Indian Council for Research on International Economic Relations

Conferences & Workshops Details


September 17, 2013 (Tuesday) , Jacaranda Hall, India Habitat Centre

18:00-19:00 Chair : Rajat Kathuria, Director and CE, ICRIER 

Inaugural Lecture : Montek Singh Ahluwalia, Deputy Chairman, 
Planning Commission, Government of India

19:00-21:00 Welcome Dinner

Programme September 18, 2013 (Wednesday) , Jacaranda Hall, India Habitat Centre


(Chair and speaker badges will be made available) 

Inaugural Session

9:30-10:30 Chair : Isher Judge Ahluwalia, Chairperson, ICRIER

Keynote Address : P. Chidambaram, Honourable FM of India

10:30-11:00 Chair : Sergey Drobyshevsky, Managing Director of  Russia’s G20 Expert Council

Special Address : HK Holdaway, General Manager, G20 Division, Australian Treasury

Vote of Thanks : Rajat Kathuria, Director and CE, ICRIER

11:00-11:15 Tea/Coffee Break

Session 1: The Global Financial Crisis – Revisiting global governance 

The debate has long raged over when – and whether – the G20 can move from being a crisis committee to being a role model for global governance. The disparate group of member countries in G20 gives the grouping the potential to become a standing world economic governing board. This possibility is remarkable in itself, though whether it will become a reality still remains an open question. Against this background, the session would look at the governance issues like legitimacy of international financial institutions, risk governance issues in major financial institutions during the crisis, the potential merits of setting up a global legal entity identifier and uniformity in global accounting standards.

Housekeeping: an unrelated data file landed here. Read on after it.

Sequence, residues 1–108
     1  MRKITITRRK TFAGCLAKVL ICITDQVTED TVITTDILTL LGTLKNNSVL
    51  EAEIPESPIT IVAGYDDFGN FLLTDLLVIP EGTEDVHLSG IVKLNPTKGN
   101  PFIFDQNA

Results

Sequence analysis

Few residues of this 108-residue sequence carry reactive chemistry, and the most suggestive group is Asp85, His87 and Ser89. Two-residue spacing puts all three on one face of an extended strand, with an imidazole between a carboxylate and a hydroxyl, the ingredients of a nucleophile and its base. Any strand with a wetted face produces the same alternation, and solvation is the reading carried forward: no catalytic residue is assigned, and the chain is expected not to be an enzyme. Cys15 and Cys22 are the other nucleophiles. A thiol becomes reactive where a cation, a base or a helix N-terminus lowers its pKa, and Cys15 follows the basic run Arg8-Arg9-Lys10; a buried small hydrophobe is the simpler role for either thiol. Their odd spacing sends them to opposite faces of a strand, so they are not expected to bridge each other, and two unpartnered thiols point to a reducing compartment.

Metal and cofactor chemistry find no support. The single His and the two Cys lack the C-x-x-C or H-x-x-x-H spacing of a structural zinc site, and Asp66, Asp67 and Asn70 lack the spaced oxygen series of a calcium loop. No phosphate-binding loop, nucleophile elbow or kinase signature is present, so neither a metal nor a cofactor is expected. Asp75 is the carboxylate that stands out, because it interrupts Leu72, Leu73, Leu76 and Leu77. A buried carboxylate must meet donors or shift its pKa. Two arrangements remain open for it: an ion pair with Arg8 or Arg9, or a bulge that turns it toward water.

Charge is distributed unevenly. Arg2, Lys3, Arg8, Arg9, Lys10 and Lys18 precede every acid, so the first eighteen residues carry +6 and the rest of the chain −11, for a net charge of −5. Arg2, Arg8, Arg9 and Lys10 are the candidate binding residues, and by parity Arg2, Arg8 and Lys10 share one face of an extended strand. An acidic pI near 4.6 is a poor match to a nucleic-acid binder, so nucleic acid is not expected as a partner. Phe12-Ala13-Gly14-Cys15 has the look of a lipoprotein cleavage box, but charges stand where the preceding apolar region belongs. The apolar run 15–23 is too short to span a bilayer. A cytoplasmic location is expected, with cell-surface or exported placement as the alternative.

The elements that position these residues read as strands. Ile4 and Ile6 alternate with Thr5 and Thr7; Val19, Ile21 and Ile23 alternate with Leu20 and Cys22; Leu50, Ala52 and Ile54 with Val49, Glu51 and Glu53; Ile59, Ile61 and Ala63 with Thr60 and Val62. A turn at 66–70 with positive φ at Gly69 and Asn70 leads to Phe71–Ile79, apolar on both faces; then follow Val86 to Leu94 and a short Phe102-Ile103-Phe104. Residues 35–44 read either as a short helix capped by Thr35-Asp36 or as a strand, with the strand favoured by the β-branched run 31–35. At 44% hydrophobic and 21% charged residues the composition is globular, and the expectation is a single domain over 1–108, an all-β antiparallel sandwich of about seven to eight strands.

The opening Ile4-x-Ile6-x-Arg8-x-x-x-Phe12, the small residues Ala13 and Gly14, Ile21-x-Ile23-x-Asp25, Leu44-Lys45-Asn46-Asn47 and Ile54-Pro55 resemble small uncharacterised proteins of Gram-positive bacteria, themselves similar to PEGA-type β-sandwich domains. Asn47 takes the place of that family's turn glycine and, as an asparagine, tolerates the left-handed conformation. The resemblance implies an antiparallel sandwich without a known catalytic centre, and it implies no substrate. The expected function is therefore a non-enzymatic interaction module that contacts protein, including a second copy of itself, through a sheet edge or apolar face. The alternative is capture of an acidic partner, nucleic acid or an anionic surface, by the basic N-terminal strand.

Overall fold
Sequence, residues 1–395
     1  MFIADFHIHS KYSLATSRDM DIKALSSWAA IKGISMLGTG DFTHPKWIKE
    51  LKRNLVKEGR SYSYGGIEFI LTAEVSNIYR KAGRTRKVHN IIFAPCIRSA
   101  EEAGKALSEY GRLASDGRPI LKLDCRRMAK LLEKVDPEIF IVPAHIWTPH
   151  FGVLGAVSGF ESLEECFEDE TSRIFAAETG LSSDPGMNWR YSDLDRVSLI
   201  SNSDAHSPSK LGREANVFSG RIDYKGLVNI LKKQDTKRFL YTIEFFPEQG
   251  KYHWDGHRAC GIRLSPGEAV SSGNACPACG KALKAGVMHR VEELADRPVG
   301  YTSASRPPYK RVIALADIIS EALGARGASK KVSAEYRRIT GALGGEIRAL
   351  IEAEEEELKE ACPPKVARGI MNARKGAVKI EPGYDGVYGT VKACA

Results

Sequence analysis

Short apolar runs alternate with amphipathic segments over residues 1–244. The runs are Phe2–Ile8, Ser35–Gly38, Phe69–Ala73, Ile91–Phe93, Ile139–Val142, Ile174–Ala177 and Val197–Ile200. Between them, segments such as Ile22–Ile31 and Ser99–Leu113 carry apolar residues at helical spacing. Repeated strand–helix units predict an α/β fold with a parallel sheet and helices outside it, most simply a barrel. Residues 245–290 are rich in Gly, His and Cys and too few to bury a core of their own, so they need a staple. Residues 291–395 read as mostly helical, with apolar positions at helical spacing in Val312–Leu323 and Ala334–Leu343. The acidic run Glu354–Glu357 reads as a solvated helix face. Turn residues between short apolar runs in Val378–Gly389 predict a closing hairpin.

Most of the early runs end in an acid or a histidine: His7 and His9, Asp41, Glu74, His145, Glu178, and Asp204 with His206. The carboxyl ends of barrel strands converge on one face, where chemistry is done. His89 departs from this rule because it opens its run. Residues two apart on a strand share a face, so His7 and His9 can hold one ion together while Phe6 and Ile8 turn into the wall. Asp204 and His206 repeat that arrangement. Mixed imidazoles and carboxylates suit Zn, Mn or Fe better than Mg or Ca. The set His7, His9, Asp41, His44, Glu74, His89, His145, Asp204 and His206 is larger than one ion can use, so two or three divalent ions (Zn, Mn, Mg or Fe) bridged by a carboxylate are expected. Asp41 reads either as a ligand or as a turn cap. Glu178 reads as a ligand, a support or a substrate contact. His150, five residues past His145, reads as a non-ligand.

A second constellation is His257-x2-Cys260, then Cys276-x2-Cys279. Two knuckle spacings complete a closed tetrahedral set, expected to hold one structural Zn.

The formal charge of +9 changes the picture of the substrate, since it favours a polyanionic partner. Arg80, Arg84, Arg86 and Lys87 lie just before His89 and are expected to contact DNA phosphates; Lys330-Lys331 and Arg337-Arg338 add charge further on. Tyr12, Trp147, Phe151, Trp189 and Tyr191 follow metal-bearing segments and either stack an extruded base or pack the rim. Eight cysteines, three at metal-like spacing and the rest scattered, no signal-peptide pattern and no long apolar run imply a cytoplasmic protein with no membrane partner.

Chair: Thomas Richardson, Senior Resident Representative (New Delhi), IMF


  1. Heribert Dieter, Senior Research Associate, The German Institute for International and Security Affairs – Berlin. 
    [Download Paper]

  2. Soumya Kanti Ghosh, Chief Economist, State Bank of India
    [Download Presentation]

  3. Rathin Roy, Director, National Institute of Public Finance and Policy
    [Download Presentation]

  4. Usha Titus, Joint Secretary (MR), Department of Economic Affairs

    Q & A

13:00-14:00 Luncheon Special Address 1- China: Where will growth come from in the next decade?

The outlook of the global economy looks uncertain. The US economy continues to be impacted by substantial fiscal headwinds. The Euro Zone economy is in recession, with the peripheral economies trying to strike an appropriate balance between fiscal austerity, structural reforms and domestic political exigencies. The Asian region is now showing distinct signs of a slowdown. The Luncheon Special Address 1 will revisit global growth outlook prospects with particular reference to Europe and Asia. 

Chair: Amb. Hemant Krishan Singh, Chair Professor, ICRIER

Speaker: Osamu Tanaka, Executive Vice President, Policy Research Institute, Ministry of Finance, Government of Japan